The former manager of the Progress Club likened the Rockville operation to a gambling casino yesterday during testimony in a trial that has become as social as the club itself.

The testimony by Michael Richards was a key element of the prosecution's case against Progress Club Inc., the corporation that runs the club and that is accused of operating a place for gambling in violation of Maryland law. The state finished presenting its case yesterday, and the defense began calling its witnesses.

One defense witness, Hans Gross, seeking to show that gambling is not that uncommon, said he had played gin rummy for money at various clubs, including the Army-Navy Club and the officers' clubs at Fort Belvoir and Fort Myer in Virginia. However, in interviews, spokesmen for those clubs said such gambling is strictly against the rules.

But much of the testimony took a back seat to merrymaking in the Montgomery County Circuit Court. At least 80 club members and their wives and families jammed Judge William Miller's courtroom, spilling out into the vestibule. They frequently disagreed aloud with testimony and waved and smiled at friends.

Miller, the jurors, the prosecutor, defense attorneys and courtroom audience laughed often during the six-hour session yesterday, while either the prosecutor or defense attorneys seemed to make an objection every 15 minutes.

After raising one such objection, then appearing to change his mind, the club's lead defense attorney, Barry Helfand, told the judge: "Just let the chips fall where they may."

Assistant State's Attorney Matt Campbell had physical evidence -- poker chips, cartons of playing cards, financial records and membership and card game logs -- hauled into the courtroom on a dolly. Cartons of such evidence, along with an estimated $21,000 from club coffers and $8,000 from members, were seized by Rockville police June 5 in a late-night raid that culminated a 5 1/2-month undercover investigation of the club's five-night-a-week poker and gin rummy games.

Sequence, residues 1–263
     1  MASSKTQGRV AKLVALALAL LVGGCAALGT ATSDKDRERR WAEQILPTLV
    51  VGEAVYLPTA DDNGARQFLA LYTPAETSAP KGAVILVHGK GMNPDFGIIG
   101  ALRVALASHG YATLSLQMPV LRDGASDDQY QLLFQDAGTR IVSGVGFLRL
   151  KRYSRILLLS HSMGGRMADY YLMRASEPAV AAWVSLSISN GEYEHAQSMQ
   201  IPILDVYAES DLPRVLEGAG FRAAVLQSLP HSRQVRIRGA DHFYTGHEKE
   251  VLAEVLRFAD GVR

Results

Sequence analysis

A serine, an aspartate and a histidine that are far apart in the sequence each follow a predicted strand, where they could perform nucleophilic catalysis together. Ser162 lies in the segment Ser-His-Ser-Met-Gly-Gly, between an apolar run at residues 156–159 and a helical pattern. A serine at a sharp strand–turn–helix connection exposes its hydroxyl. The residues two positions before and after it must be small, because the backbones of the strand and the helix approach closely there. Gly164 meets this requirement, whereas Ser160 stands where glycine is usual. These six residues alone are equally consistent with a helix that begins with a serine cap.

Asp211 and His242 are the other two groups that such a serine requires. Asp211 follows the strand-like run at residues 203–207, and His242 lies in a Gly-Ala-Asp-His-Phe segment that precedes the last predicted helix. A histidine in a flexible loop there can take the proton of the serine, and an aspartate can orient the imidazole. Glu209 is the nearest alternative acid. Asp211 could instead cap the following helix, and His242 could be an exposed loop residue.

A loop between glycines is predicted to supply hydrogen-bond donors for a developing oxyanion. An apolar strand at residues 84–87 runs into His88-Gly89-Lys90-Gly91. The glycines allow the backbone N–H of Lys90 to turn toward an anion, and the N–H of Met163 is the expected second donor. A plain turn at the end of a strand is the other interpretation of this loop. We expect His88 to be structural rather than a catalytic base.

The corporation that runs the 72-year-old club has pleaded innocent to six counts of maintaining a place to gamble. The club's lawyers argue that poker and gin rummy are games of skill, not chance, and therefore are not illegal under Maryland law. If convicted, the club faces maximum fines of $6,000 -- $1,000 for each count.

Richards, who managed the club for 7 1/2 years and is now its chef, testified that although the club's 500 members ate, drank, worked out and socialized there, the main activity at the club was card playing. Members paid $3 for each deck of cards, $12 to play poker and $9 to play gin rummy, he said.

Richards was arrested in the raid and charged with 12 counts of running a gaming place, but he was granted immunity from prosecution in exchange for his testimony.

Richards, who kept detailed records of card games, said 9,822 men played cards for money at the club from last January through last May.

Prosecutor Campbell also called two club members, who testified that they played cards for money at the club routinely.

Helfand and Goldstein urged Miller to dismiss the case, arguing that the state antigambling law had been replaced by a Montgomery County ordinance prohibiting games of chance but allowing games of skill. Miller denied their motion, but encouraged them to try again at the conclusion of the trial.

Defense witness Gross, a 71-year-old toy distributor from Savage who is a member of the club, said that he had played gin rummy for 55 years and that it was purely a game of skill.